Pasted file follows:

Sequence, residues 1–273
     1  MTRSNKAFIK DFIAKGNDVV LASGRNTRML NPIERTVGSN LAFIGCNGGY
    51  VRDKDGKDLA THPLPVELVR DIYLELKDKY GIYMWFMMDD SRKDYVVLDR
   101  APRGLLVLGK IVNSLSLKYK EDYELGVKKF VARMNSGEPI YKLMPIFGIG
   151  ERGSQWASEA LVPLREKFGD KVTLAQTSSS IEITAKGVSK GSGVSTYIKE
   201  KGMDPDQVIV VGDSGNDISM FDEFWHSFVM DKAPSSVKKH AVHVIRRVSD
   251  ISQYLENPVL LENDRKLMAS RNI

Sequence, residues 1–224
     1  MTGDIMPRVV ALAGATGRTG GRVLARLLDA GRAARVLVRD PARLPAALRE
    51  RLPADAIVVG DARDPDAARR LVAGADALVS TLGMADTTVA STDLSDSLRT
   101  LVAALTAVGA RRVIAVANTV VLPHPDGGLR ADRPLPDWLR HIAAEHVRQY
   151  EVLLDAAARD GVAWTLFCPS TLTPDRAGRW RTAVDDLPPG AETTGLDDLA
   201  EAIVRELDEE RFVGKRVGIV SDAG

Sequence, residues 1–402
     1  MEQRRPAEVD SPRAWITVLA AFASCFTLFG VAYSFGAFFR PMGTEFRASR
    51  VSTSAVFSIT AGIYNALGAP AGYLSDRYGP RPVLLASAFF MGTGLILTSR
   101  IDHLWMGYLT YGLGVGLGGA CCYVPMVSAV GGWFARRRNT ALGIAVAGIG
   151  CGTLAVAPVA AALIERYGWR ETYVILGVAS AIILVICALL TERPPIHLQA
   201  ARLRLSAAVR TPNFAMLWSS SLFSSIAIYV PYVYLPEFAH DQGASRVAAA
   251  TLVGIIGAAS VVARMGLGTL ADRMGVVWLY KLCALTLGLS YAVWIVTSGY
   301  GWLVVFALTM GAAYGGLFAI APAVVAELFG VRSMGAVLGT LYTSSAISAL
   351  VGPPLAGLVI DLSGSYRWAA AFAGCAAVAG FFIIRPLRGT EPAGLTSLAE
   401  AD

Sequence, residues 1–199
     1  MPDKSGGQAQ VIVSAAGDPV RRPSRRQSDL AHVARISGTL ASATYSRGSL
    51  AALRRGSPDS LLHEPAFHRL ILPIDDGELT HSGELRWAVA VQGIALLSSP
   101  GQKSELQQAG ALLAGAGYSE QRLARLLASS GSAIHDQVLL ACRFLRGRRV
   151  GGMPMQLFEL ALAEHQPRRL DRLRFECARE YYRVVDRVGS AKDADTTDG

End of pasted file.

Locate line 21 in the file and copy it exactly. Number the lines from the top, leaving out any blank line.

   301  GWLVVFALTM GAAYGGLFAI APAVVAELFG VRSMGAVLGT LYTSSAISAL